Graph theoretical analysis of the Dynamic Lines of Collaboration model for disruption response

Arfinandi Ferialdy, Purdue University


The Dynamic Lines of Collaboration (DLOC) model was developed to address the Network-to-Network (N2N) service challenge found in e-Work networks with pervasive connectivity. A variant of the N2N service challenge found in emerging Cyber-Physical Infrastructures (CPI) networks is the collaborative disruption response (CDR) operation under cascading failures. The DLOC model has been validated as an appropriate modeling tool to aid the design of disruption responders in CPIs by eliciting the dynamic relation among the service team when handling service requests from clients in the CPI network. The DLOC model for CDR operation is conceptually an abstraction of the CPI network into two interdependent networks of client and service networks. No preliminary design guidelines have been devised for DLOC-CDR from a network perspective using graph properties. Previous results of graph theoretical analysis for network behaviors under disruption may also not apply to DLOC-CDR due to the intrinsic nature of the N2N service challenge. Previous research works in DLOC-CDR have also not taken into consideration in protecting vulnerable CPI network elements which can cause system collapse by a single failure. Based on these observations, this research is guided by the following questions: (1) What graph properties to be viable predictors for evaluating the reliability of N2N service designs in DLOC and (2) Where should the disruption responders (resource) to ensure timely disruption mitigation with regards to protection of vulnerable nodes? To answer question (1), it is found that resiliency of a CPI network, as measured in DLOC by the Recoverability metric (Precover), can be approximated by the proportion of vulnerable nodes (P vulnerable) as a function of average degree and cascade threshold (ϕ). Precover measures the probability of a network to fully recover from a cascading disruption. It is found that there lies a certain regime where Precover =1 as approximated by Pvulnerable. By means of graph property analysis, we initially proposed two heuristics, degG > 1/ϕ and ΣkPv(k)Pk < 0.70, to mark the regime where Precover is strictly 1. From numerical experiments, it was found that degG > 1/ϕ is over conservative, while the latter applies to all tested networks. This experiment result also supports the conclusion that the existence of a “small-world” phenomenon in networks can either inhibit or accelerate cascade, depending on the complexity of the propagation. To answer question (2), two heuristics protocols based on network centrality measures were initially proposed, namely the Bridge-Based Allocation (BBA) and Degree-Based Allocation (DBA). We initially hypothesized that the BBA would perform better in terms of preventing failures but with considerable trade-off in total response time compared to CBA, the existing resource allocation protocol of DLOC-CDR, in networks with high modularity. However, it was found that based on numerical experiments we concede that the BBA is not suitable to be applied in DLOC. The main advantage of the BBA is its ability to identify bridging elements which its removal will make the network disconnected. The current DLOC, on the other hand, does not take into consideration of the connectivity state of the CPI network. Thus, rendering the BBA to become less effective than CBA and DBA. We also found that both CBA and DBA can be used interchangeably. Given a simple propagation, DBA constantly performs better on networks displaying high affinity towards power-law degree distribution compared to CBA. This is due to the high correlation between both centralities in these networks. For small-world networks, the performance increment from CBA to DBA has a decreasing trend with increasing network size. CBA’s performance is relatively constant and outperforms DBA in large network size.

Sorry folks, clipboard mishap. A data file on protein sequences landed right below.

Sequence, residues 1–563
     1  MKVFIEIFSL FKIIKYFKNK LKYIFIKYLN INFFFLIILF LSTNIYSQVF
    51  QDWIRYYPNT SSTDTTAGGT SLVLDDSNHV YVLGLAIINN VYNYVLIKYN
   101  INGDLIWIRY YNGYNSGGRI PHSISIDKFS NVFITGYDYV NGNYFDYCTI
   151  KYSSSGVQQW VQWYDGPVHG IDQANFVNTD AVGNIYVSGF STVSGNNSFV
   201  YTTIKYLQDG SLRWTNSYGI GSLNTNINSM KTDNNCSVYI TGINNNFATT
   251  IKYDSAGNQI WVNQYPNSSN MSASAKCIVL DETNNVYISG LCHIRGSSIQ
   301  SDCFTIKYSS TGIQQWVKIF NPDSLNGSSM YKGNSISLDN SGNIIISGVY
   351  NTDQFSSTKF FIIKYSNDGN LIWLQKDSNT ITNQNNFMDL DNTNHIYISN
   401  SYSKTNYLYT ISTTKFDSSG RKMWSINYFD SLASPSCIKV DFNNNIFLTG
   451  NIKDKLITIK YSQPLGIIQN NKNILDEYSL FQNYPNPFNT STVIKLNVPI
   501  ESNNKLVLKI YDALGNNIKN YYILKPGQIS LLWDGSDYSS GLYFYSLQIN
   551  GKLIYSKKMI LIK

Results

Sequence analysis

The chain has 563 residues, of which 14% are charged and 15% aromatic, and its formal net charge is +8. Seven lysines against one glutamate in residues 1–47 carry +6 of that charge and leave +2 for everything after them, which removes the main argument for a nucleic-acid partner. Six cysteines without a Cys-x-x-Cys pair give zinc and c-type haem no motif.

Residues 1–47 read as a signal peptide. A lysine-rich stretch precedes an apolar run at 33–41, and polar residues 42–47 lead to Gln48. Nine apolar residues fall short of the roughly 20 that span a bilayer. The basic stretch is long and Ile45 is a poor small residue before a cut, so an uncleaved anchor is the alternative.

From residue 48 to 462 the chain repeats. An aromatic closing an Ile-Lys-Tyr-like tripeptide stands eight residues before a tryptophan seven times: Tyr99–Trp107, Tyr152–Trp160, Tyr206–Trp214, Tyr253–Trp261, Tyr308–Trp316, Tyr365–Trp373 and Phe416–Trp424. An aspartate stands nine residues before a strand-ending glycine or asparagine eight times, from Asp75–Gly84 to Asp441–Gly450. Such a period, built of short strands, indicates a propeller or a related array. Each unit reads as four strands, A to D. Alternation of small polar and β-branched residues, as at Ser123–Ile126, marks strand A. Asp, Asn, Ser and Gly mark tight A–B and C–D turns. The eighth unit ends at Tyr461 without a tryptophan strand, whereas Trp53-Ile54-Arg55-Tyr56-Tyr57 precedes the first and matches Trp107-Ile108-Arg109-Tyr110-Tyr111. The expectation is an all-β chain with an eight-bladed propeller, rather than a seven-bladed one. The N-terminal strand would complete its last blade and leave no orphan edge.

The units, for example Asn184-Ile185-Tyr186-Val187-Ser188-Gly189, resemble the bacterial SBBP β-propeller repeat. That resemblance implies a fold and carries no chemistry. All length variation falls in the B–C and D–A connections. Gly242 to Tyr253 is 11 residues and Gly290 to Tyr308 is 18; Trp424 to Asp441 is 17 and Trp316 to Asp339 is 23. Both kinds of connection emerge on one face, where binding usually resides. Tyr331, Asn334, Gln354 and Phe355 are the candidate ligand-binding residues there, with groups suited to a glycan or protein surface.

Nof, Purdue University.

Subject Area

Industrial engineering

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